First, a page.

June 2, 2020 // 7 minute read

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Pomeranians are a toy dog breed and the smallest among the Spitz family. The Pomeranian is known to be small but feisty. Some people even regard them as “little dogs who think they can” because of their bold personality.

They are alert and intelligent, which makes them excellent watchdogs despite their size. They will also make great playmates to older children who can differentiate a toy and a dog. They will also make great pets for those who are busy and go out often because they are very independent.

Pomeranian Dog Breed

Pomeranian Statistics

Dog Breed GroupToy
Breed SizeToy
Height6-7 inches
Weight3-7 pounds
Lifespan12-16 years

Pomeranian Ratings

Energy level
Exercise needs
Requires attention
Friendly with family
Friendly with kids
Friendly with strangers
Friendly with other dogs
Prey Drive

Pomeranian History

Pomeranians originally came from the province of Pomerania, where their name came from. They are said to have descended from the ancient Spitz breed. Added to that, they are close relatives of Norwegian Elkhound, Schipperke, German Spitz, and other Northern dogs.

Early Pomeranians used to weigh 20-30 pounds, and they were already very popular, especially with the nobles. In 1761, the Pomeranians moved to England, and they immediately became famous on royal grounds. However, it was only during the reign of Queen Victoria when the Poms became popular with the public.

Queen Victoria loved the Pomeranians. She had them beside her always and even participated in dog shows. She was also one of the serious breeders of Pomeranians.

When the Queen died, English breeders decided to breed smaller Pomeranians because of the Queen’s love for them. And by 1900, Pomeranians became popular in the US, and they continued to remain one of the most popular dog breeds until today.

During these times, 1900 to 1930s, Pomeranians had the most significant number of entries on dog shows. It was also around this time that the breed was standardized, and the Pomeranians became known as the smallest breed among the Spitz.


Pomeranian Temperament

Pomeranians are extroverts. Despite having a small body, the American Kennel Club still describes them as curious, bold, and lively. They can also be cocky and commanding.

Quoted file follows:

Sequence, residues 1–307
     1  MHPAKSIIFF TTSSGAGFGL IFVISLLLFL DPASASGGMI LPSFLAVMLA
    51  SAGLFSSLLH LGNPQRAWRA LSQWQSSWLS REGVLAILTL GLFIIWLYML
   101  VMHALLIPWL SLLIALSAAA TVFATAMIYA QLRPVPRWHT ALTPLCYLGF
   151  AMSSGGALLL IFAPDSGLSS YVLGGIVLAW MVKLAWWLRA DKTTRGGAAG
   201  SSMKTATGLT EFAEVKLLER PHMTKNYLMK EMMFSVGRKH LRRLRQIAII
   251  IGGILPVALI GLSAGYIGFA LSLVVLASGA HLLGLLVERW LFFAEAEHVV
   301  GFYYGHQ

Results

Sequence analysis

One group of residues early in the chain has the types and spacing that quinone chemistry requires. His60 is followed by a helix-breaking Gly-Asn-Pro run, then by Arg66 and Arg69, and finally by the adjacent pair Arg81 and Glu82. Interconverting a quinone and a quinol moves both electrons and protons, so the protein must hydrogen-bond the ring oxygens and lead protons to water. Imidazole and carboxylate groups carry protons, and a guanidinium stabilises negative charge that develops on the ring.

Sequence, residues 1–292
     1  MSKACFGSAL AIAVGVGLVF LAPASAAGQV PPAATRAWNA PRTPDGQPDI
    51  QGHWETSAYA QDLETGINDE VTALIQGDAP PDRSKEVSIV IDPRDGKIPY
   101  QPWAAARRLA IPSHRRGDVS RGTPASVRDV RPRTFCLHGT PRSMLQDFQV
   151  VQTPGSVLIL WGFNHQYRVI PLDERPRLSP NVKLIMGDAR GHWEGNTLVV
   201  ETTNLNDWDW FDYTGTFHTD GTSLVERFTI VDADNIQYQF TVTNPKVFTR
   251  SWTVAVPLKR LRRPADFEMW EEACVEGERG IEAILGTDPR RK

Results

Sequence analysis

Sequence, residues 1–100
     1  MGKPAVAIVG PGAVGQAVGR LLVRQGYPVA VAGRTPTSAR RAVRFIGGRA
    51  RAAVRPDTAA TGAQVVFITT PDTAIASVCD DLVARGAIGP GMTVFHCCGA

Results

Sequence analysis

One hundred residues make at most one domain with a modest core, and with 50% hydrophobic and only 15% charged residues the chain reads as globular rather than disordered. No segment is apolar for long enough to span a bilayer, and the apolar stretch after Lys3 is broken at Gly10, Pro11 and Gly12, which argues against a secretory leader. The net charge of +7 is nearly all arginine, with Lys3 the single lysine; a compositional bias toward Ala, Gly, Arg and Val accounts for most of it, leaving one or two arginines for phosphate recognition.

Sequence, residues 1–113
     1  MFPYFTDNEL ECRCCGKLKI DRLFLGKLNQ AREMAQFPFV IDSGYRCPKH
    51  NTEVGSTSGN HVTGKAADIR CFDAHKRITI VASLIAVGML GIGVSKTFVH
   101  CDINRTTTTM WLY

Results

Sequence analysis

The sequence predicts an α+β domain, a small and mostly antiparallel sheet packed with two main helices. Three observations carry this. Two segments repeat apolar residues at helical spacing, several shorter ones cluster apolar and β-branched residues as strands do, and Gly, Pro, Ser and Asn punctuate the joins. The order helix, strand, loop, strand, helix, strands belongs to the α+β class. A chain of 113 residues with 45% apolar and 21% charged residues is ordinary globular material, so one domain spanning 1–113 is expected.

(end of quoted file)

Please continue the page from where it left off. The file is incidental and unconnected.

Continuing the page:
However, even with their bold nature, they are great family pets. He is also a great playmate if you have older children. Just make sure that you keep close supervision to make sure that your toddler won’t do anything that your Pom might get irritated with him.

They also like meeting new people. Though he may approach them cautiously and will stand alert in case he would need to alarm you with something. He also has sharp eyes and loves checking out new sights, sounds, and activity.

Most Pomeranians are also good with other pets in the house. They will be able to play with other dogs, even if males, without any problems. However, they tend to be bossy at times.

You also need to keep a close eye on him because this little dog thinks he is bigger than he is. He may challenge dogs twice his size, and he’s not afraid of that. So, you must watch him.

Just like any other dog breeds, Pomeranians need early socialization and training to maintain his positive temperaments. Allow him to meet strangers and new pets during your walks.

When training him, don’t allow him to boss you around. They may sometimes come off as stubborn, so be sure to be patient and show him that you’re the boss. Try to control excessive barking too. Dog treats can be your weapon at this period.

Pomeranian Care Requirements

  • Nutrition: It’s essential always to provide your Pom with a well-balanced and high-quality meal. If you’re opting for commercial products, make sure that it only contains high-quality ingredients. You should also avoid fillers and byproducts that might cause him harm. If you’re serving him a home cooked meal or a raw food diet, then high-quality ingredients are essential too. It should make up at least 40% of protein to ensure that your Pom gets the highest amount of energy. You can also mix in some vegetables and fruits. Since they are highly energetic, they might require 2 cups of food a day as puppies, and as adults, it would vary depending on the amount of activity he does. You should also watch out for his feeding habits and make sure he’s not overfed. It’s also advisable to divide their food intake to 4 to 5 times a day as they have a high metabolism rate.